Christ Episcopal Church, of Sackets Harbor, dates back in its history to May 14, 1821, when an informal meeting was assembled to discuss the subject of a church, and when Elisha Camp, Samuel O. Auchmuty, William Kendall, Robert M. Harrison and John McCarty were chosen a committee to look to the interests of the proposed society until a vestry should be regularly constituted. The legal and formal organization was accomplished August 6, 1821, with Henry Moore Shaw, rector; wardens Zeno Allen and Elisha Camp; and vestrymen, Robert M. Harrison, Samuel O. Auchmuty, William Kendall, John McCarty, Hiram Steele, Thomas J. Angell, Hiram Merrill and Thomas Y. Howe.

        The first who officiated and preached here was Bishop Hobart, who, in his reports, records having visited Sackets Harbor thursday afternoon, September 14, 1821. A church organization was formed September 29, 1821, when at a meeting of the vestry it was voted to give Henry Moore Shaw $600 a year, which he accepted, and subsequently served as first rector of the church.

        In 1822, a subscription was circulated to obtain the means for erecting a church. William Warring, Elisha Camp, William M. Robbins, Samuel F. Hooker, William M. Sands, Samuel O. Auchmuty, and Robert M. Harrison, subscribed sums of $100 and upwards, for erection of the church. The corner stone was laid May 26, 1823, with masonic ceremonies, on a lot donated by Augustus Sacket, but was not completed till after several years of delay. Meetings were held regularly in the Presbyterian Church across the street, and in the school house, until the occupancy of the stone edifice in 1826. The structure was fully completed in 1832.

        From that time the church has maintained a continued existence, although the number of communicants has never been large. In 1852, the church reported 44 families (79 adults, and 53 children) as belonging to the congregation, and 54 belonging to the church. In 1854 it was receiving a small stipend from Trinity Church, New York. Until that year the Rev. Messrs. M. Beardsley, William L. Keese, A. C. Treadway, Mr. Noble, Benjamin Wright, Jr., Rufus D. Stearns, and G. Huntington, were all successfully employed here as missionaries. In 1898, membership numbered 70, with wardens E. P. Evert and Benjamin C. Scroxton, Rev. Burr M. Weeden, Rector.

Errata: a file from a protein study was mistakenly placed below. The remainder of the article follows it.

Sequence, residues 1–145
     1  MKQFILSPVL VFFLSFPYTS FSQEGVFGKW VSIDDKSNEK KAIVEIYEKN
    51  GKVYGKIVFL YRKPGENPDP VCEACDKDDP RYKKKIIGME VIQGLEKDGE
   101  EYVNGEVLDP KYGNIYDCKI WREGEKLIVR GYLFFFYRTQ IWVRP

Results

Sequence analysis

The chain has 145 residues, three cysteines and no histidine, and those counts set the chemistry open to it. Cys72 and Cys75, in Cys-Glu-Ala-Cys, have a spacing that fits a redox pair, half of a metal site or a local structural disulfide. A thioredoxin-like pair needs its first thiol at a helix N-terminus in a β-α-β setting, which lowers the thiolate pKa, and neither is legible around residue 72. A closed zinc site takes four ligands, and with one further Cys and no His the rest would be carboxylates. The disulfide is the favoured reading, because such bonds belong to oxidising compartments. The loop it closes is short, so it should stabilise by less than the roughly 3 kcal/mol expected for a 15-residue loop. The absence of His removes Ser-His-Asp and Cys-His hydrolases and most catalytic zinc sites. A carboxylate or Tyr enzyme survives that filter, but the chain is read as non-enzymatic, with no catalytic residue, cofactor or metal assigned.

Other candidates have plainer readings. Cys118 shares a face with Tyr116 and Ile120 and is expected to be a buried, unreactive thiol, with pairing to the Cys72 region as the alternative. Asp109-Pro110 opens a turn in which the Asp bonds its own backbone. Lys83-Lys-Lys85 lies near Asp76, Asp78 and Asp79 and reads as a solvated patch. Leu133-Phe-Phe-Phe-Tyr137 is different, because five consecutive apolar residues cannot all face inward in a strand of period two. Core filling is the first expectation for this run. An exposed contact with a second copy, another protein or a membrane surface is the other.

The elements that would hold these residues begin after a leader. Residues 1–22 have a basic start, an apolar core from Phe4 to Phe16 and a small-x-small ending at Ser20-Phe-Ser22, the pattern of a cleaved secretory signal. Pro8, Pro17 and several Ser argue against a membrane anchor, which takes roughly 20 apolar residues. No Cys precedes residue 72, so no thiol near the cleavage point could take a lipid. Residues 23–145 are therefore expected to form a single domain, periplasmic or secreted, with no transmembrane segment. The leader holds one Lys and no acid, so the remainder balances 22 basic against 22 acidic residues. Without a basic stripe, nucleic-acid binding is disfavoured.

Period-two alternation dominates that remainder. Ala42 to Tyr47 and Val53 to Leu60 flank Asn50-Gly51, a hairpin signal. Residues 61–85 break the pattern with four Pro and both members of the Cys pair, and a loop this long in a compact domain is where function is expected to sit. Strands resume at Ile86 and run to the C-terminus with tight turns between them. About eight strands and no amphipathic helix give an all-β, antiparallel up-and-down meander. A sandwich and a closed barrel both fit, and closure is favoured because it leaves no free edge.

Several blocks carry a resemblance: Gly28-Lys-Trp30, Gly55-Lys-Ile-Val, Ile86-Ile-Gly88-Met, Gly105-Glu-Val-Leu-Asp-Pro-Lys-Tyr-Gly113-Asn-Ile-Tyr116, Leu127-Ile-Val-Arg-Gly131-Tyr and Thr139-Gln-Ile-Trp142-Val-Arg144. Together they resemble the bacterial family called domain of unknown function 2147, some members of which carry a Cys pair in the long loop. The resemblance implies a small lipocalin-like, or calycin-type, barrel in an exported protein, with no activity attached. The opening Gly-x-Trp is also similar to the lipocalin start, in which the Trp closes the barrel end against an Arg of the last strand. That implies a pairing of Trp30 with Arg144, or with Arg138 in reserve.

Today, the church is recognized as one of the most important ecclesiastical buildings in Jefferson County, both for its architectural quality and its early use of Gothic detailing. The building reflects a traditional pattern for 18th-century churches, with a square belfry over a columned portico; in fact it closely resembles a design from The Modern Builder's Guide by Federal architect Asher Banjamin. As with other stone buildings at Sackets Harbor, squared quoins were used to reinforce and accent the corners as well as door and window openings. The church's major distinguishing feature is its Gothic arches, one of the first such uses in the North Country; at the time of construction, the Gothic was increasingly favored as a style better suited ecclesiastical buildings than the "pagan" classical style. The great Doric portico resembles that of the Dyer Burnham House and foreshadowing the coming Greek Revival movement.

        Services are presently held on Saturdays and Sundays.


 

Sources Quoted

Emerson, Edgar C., "Our County and Its People." Boston: Boston History Company, 1898, p. 593.

Haddock, John A., "The Growth of a Century," Philadelphia: Sherman & Co., 1894, p. 593.

Hough, Franklin B., "A History of Jefferson County in the State of New York," Watertown, NY: Sterling & Riddell, 1854, p. 189.

Sullivan, Michael D., "Harbor Walk: A Guide to the History & Architecture of Sackets Harbor." Presented with permission of the Sackets Harbor Historical Society. p. 21.

 

© 2001, Mark A. Wentling